Forecasts that the US soybean crop would come in way ahead of official estimates has driven Chicago beans below $9 a bushel for the first time in six months.
The November soybean contract slumped 2.7% to $8.93 a bushel as of 17:00 GMT.
Chicago's near-term soybean lot has not fallen below $9 a bushel since March 30, and not closed there since March 12.
The slide followed data from Informa Economics, the analysis group, pegging the US crop at 3.38bn bushels, ahead of a US Department of Agriculture forecast by 138m bushels.
The figure is also higher than FCStone's estimate earlier this week of a 3.33bn-bushel crop.
Informa, in data ahead of fresh Washington estimates expected on October 9, added that it expected the US corn crop to come in at 13.13bn bushels, 173m bushels higher than current official expectations.
However, forecasts showing a freeze late week provided some support, limiting losses in December corn.
"Soybeans are down more than corn in part because they are now less vulnerable to cold temperatures than corn, being further along in maturity," Vic Lespinasse, marketwatcher at GrainAnalyst.com, said.
The contract, which had looked set for a winning week, stood 2.0% lower at $3.33 ¾ a bushel.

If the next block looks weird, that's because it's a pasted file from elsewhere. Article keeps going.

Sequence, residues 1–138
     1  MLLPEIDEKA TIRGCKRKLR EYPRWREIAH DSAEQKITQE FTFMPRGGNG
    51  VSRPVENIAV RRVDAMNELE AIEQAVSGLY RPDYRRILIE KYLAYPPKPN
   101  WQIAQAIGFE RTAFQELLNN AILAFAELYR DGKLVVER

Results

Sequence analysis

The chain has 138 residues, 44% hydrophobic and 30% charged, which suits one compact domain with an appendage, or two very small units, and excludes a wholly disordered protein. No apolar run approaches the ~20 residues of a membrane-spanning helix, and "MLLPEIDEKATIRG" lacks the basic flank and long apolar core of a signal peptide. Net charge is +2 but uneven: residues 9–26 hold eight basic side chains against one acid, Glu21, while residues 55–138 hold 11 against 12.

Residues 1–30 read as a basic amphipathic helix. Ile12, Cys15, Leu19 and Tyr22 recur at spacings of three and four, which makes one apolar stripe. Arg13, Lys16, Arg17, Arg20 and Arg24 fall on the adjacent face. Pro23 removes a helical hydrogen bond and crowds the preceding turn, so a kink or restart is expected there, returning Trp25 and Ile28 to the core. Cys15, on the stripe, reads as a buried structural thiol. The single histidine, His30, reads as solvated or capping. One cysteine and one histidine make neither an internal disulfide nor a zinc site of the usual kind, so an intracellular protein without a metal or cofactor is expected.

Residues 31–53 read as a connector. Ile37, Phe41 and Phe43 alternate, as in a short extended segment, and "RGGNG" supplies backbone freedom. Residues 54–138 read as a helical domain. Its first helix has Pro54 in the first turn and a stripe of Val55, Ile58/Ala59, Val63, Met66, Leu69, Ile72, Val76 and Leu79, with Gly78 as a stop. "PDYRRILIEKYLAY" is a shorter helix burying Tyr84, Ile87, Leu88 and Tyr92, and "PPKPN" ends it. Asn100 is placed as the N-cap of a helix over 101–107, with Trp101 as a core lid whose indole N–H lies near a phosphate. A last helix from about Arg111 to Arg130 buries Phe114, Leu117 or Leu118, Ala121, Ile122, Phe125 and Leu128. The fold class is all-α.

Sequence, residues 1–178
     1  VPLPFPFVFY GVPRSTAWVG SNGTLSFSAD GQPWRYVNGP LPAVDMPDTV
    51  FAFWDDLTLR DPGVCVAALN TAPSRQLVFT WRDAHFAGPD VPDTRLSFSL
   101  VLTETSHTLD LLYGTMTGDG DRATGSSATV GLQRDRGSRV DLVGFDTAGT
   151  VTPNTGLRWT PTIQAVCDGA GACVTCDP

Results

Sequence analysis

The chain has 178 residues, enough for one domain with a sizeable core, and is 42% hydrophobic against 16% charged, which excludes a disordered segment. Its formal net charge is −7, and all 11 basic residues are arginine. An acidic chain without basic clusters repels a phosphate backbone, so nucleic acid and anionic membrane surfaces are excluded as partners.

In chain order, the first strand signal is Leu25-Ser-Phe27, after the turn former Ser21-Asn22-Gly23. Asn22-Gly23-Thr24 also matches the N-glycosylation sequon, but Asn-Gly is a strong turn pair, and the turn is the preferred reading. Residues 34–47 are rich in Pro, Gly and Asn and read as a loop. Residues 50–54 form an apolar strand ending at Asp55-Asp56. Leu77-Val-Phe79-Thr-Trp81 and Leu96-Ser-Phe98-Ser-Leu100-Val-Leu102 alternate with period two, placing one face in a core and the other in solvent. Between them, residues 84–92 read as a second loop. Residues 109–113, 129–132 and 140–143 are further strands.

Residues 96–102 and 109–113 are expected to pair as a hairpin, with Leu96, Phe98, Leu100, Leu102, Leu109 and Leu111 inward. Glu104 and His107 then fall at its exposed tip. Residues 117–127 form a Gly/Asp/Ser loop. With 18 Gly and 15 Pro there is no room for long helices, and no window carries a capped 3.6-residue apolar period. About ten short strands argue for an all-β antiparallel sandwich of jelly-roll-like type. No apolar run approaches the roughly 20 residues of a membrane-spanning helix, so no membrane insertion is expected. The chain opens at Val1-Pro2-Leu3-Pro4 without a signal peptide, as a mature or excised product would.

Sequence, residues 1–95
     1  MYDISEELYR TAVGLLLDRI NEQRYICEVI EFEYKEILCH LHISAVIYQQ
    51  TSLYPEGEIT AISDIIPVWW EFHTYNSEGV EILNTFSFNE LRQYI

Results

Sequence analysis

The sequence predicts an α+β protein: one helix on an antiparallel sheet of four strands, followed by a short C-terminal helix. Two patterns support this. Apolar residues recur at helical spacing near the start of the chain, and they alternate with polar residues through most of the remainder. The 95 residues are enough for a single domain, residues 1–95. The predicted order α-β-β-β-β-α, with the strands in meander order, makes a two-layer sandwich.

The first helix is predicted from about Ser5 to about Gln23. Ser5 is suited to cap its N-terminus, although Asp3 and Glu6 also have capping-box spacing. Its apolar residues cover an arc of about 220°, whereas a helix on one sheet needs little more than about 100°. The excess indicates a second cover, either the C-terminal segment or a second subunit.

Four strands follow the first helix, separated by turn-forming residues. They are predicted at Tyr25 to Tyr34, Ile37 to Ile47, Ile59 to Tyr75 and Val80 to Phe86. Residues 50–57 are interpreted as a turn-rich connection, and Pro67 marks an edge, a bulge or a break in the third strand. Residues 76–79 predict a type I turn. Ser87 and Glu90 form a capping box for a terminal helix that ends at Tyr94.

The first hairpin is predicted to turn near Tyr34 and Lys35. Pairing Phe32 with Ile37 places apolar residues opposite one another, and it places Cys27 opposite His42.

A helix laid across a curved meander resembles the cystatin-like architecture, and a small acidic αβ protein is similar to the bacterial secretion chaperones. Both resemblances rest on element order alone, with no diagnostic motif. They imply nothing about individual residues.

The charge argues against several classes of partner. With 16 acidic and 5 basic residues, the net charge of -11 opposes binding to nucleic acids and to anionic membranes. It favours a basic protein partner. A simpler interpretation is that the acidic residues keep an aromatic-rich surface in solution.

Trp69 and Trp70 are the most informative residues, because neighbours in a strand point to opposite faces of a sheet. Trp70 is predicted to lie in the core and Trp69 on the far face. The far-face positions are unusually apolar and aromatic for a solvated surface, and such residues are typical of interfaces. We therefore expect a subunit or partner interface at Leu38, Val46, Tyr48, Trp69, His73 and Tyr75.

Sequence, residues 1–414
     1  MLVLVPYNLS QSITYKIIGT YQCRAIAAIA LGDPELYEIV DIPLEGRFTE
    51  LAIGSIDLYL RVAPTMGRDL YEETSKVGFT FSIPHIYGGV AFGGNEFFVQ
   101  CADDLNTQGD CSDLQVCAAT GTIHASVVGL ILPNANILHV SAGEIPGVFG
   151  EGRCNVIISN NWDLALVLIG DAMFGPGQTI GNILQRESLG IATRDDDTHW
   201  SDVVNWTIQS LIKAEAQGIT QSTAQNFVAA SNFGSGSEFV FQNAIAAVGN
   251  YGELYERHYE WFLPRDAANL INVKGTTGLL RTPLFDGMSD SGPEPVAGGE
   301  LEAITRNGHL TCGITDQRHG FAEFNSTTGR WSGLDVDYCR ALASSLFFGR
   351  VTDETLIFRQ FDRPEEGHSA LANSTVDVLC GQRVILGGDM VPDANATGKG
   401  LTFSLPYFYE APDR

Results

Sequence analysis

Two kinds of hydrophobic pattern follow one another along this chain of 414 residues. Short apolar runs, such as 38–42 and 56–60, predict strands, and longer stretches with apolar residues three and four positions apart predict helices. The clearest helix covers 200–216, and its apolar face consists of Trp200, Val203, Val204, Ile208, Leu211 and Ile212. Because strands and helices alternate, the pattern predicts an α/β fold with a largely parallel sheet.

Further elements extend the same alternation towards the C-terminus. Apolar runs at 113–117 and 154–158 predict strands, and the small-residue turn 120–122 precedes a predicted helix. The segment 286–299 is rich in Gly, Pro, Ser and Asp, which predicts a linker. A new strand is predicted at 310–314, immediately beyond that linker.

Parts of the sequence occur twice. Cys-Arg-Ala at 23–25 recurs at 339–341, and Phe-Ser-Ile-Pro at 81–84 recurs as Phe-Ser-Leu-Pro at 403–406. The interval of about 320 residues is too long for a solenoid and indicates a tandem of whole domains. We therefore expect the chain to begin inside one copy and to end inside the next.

Wheat was dragged lower in the melee, with Statistics Canada data pegging Canada's wheat output at 24.5m tonnes, 100,000 tonnes higher than analysts' forecasts, adding bear pressure.
December wheat slipped 1.9% to $4.44 a bushel.
However, European contracts once again did better. Their relative strength was in part down to technical factors, as Euronext November contracts approached closing, French based analysis group Agritel said.
A dry spell in Europe is also raising concerns for newly-sown winter crops.
Paris milling wheat for November ended E0.75 higher at E123.00 a tonne, with London feed wheat for November finishing £0.25 higher at £98.50 a tonne.
Late on Friday, Reuters said that 63,000 tonnes of French wheat had been detained by Egyptian authorities after tests showed levels of bad seeds exceeded statutory levels.